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I am using a std::vector to store an array of objects that are referenced from outside of the vector by other objects. I drew a diagram to explain more clearly:

std::vector with objects being referenced

I am storing objects rather than pointers for performance reasons. These objects are sorted every frame of my game, so I want the array to have good cache properties.

Of course, whenever objects are added to the vector, there is a chance that the array will be reseated. In that case my references are invalidated and need to be updated. Right now, to detect the reseating, I am using the following method:

size_t old_capacity = v.capacity();

// Do stuff that could change the vector's size

if (old_capacity != v.capacity()) {

My questions are:

  • Is this the best way to detect that the vector has reseated its array?
  • Do I also need to check for reseating after performing pop_back?
share|improve this question
If you need references to things in the container, use a vector of pointers, or a node based container. Your code probably won't be noticeably slower, and will be much safer. – Mooing Duck Feb 22 '12 at 18:12
Why store pointers instead of indexes? Have you profiled that the index references are your bottleneck? – orlp Feb 22 '12 at 18:12
There is no reason why you should get into the mechanics of vector<>. Your design is probably flawed. – Yochai Timmer Feb 22 '12 at 18:12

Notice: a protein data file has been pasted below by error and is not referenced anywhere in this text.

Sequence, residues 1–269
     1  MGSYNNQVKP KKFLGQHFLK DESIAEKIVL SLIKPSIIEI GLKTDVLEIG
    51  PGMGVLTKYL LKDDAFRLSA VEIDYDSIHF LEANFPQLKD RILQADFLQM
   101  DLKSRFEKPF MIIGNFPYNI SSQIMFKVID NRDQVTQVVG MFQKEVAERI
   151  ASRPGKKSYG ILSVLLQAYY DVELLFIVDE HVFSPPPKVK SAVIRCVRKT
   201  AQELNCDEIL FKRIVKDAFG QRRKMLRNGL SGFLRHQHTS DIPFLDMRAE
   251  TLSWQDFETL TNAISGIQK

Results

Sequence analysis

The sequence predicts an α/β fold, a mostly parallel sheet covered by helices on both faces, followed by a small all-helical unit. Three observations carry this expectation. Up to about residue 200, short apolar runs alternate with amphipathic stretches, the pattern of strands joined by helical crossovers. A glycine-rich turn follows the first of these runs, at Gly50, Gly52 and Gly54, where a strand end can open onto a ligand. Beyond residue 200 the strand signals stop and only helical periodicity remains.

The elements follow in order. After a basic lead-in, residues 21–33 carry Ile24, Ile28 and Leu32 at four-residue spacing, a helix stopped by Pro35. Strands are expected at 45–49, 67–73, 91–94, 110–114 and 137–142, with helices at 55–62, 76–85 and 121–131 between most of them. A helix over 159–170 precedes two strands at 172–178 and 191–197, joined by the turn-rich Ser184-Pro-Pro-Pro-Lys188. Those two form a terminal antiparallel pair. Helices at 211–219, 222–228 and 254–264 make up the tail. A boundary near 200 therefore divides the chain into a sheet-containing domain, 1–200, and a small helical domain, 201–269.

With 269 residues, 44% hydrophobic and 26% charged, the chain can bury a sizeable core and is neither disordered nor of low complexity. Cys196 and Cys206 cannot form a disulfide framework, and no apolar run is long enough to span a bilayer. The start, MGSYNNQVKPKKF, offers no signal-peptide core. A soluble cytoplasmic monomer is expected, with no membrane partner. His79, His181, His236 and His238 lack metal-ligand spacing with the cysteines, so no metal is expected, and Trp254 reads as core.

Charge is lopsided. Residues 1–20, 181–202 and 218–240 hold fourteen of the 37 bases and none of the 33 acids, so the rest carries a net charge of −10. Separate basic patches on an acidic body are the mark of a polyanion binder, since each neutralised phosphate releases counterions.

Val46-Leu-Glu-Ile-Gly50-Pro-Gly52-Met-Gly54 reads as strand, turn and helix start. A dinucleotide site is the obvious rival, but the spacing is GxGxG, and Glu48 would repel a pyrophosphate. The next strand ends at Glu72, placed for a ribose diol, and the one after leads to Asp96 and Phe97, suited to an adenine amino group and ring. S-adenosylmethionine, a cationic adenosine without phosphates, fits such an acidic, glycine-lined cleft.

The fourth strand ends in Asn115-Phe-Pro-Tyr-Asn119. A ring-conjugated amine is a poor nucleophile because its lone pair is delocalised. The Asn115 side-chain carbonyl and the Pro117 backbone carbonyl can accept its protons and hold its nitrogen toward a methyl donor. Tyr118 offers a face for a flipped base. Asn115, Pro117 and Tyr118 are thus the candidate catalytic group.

@nightcracker Storing indexes make a lot of sense. Sometimes it's hard to see the obvious when I've been inside a problem for too long. – Kai Feb 22 '12 at 18:20
@BenVoigt: No, they are only invalidated when the capacity changes, and by insert and erase after the point of insertion/erasure. – Mike Seymour Feb 22 '12 at 18:26

2 Answers 2

up vote 2 down vote accepted

In my mind, the best method would be the following: Just use the pointer to the head of the vector. Not all reallocations will cause the vector to move.

However, I more or less agree with the comments about references into your vector. Also, you could use a std::list which wouldn't have the problems with reallocations.

std::vector<int> v;

void *old_location = (void *) &(v.front());


if (old_location != &(v.front()))
share|improve this answer
Thanks! Running these questions by SO really helps me learn. – Kai Feb 22 '12 at 18:24

As you correctly noted, each time you add something to a vector, all existing iterators (and element pointers) may get invalidated. While you can try to "detect" that, I would strongly suggest removing the problem in a different way. Depending on your requirements you can:

  • Use indices instead of direct pointers. Instead of Obj* ptr which you would dereference by *ptr, you would have size_t idx which would be dereferenced by vector[idx]. If you have already a lot of existing code using pointers, you can try creating a smart pointer which would do that under the hood.

  • If you add, but never remove items from your vector, and if you don't care about the continuity of the data, you might not want to use std::vector at all! I think something like a list of chunks, each being - for example - a fixed array of 256 objects can suffice. You will have cache locality (because the chunk is not smaller than the cache line) and relatively cheap dynamic extensibility. In fact, if your array gets long, it may perform faster that vector, because it never reallocates memory.

  • If you add and remove items, but ordering nor continuity of the data matters, you may still use the list of chunks, with some additional manager of the removed objects, which would try to reuse the empty space when new objects are added.

share|improve this answer
Vote for #1: OP mentions performance and sorting, and sort performance is likely to be better on contiguous storage. The extra pointer arithmetic required to use indices is unlikely to be significant though, IMO. – Useless Feb 22 '12 at 18:24
The "list of chunks" is essentially how deque works. – Mark Ransom Feb 22 '12 at 18:28

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